The economy on Orcas is tourist-based. If you plan to rent out the house when you aren’t vacationing, expect very little income. You might consider turning the property into a vacation rental but there is a down-side to that also. I’ll talk a little more about renting in a future blog post.

Okay, back to Orcas and hunting for property versus sitting on a log at North Beach drinking in the view.

North Beach
North Beach

I’ve found a couple of vacation rental condos available in Eastsound. They have a fabulous view of the water, a live-in property manager to handle all the details of renting and are well within my budget. The market analysis indicates rising values. Everything looks attractive except the limitation on how much I can use the place myself.

While I agonize over my decision it is brought to my attention that a certain family member will be heartbroken if I don’t at least look at the home they have for sale. The price is a smidgen above my comfort price but well within my qualification. I figure it wouldn’t hurt to at least look at the place.

And now we come to my first mistake. I fell in love with the view. I’m certain that I was manipulated into a visit at sunset. The sky was a palette of color ranging from deep blue to gold to bright orange. I could see sail boats off the northwest shore and the Canadian Rockies in the distance. In front of this was a perfect view of one of my favorite places on the island, Madrona Point.

Who wouldn't fall in love with this view?
Who wouldn’t fall in love with this view?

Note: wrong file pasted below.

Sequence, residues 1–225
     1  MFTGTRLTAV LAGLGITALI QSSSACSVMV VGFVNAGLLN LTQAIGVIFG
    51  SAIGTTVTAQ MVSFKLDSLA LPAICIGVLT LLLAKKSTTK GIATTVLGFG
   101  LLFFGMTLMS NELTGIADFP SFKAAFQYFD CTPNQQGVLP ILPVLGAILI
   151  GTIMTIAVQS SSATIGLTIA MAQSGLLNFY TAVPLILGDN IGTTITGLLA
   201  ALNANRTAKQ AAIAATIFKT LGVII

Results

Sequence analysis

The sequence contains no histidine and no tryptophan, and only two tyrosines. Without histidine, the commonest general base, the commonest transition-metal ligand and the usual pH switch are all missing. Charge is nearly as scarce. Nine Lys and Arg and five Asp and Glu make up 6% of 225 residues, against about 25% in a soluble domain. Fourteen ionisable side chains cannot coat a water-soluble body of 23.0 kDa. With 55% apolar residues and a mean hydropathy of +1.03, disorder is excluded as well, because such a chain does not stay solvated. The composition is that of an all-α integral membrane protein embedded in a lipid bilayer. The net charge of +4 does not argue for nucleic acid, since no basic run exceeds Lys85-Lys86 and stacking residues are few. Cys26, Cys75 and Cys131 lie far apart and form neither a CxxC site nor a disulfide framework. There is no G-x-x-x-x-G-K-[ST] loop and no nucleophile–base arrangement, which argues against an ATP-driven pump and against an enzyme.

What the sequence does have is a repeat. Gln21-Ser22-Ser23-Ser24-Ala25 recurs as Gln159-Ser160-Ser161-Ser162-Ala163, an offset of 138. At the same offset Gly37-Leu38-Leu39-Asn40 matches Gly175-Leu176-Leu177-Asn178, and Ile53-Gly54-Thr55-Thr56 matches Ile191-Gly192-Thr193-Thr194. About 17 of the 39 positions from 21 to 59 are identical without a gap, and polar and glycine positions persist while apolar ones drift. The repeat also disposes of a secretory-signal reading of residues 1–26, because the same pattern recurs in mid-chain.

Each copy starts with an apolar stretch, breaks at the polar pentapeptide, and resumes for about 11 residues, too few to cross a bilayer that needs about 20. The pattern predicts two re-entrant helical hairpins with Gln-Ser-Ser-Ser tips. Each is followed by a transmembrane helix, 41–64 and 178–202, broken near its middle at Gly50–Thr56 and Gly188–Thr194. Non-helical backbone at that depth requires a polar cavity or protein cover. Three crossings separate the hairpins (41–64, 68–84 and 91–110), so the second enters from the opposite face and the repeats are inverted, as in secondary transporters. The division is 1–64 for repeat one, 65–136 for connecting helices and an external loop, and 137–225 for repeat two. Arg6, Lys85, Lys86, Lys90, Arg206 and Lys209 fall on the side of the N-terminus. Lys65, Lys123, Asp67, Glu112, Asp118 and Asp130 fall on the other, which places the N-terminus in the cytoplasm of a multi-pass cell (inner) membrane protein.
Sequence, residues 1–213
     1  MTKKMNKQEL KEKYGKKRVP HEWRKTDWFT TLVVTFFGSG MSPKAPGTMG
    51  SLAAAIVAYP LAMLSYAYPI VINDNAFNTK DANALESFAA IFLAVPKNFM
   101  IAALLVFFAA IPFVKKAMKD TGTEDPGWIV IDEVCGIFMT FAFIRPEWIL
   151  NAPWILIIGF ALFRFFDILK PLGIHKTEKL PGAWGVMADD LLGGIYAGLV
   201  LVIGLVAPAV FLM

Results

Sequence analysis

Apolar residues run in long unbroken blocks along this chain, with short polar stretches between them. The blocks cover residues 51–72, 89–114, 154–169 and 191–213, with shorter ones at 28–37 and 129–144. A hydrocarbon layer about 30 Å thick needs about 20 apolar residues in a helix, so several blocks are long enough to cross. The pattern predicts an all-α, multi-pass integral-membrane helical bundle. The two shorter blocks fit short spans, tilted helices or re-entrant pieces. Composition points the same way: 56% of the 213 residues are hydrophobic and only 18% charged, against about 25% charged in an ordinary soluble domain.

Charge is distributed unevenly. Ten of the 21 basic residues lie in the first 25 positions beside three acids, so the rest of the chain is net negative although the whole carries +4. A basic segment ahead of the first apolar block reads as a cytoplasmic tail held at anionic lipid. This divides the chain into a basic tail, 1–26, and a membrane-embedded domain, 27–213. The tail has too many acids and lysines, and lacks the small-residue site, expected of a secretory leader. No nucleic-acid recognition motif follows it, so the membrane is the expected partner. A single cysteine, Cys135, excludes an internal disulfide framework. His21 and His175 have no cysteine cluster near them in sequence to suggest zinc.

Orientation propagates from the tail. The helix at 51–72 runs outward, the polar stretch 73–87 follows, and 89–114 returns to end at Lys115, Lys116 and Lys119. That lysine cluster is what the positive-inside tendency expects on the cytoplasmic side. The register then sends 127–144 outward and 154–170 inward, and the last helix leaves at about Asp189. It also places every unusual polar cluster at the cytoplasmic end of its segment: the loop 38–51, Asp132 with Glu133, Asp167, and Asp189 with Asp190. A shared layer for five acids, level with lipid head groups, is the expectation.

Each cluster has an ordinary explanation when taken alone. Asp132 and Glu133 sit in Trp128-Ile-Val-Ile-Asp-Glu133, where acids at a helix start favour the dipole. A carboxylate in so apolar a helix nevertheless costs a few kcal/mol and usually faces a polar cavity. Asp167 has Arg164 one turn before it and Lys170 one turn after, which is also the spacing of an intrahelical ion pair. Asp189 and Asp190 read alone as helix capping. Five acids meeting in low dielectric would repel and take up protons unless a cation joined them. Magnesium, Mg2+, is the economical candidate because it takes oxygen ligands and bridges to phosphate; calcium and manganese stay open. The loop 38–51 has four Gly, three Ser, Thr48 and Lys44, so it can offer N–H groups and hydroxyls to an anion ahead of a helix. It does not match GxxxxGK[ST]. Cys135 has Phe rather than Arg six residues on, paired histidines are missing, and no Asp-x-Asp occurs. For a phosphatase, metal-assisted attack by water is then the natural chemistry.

What color was the carpet? Don’t know, wasn’t installed yet. Did the roof leak? Don’t know, wasn’t finished. Decks were in the process of being built. You could not inspect the foundation because the crawl space was filled with junk. Appliances were sitting ready there ready to install. Lesson learned, make sure the work is complete before you close escrow. And have a second inspection to be sure the work is completed properly.

I wrote the offer anyway. I thought that since this was a purchase from a family member I was reasonably assured that the work would be completed with good attention to detail so I skipped the second inspection. Unfortunately the contractor they hired didn’t install a critical flashing. Years later I faced an expensive repair. Oh and maybe you should spend a little time looking at the house instead of the view. Just a thought.

Stay tuned for things I’ve learned about home inspections. Or if you are ready to start your property-hunting adventure call me at 619.224.9015 and we’ll get started.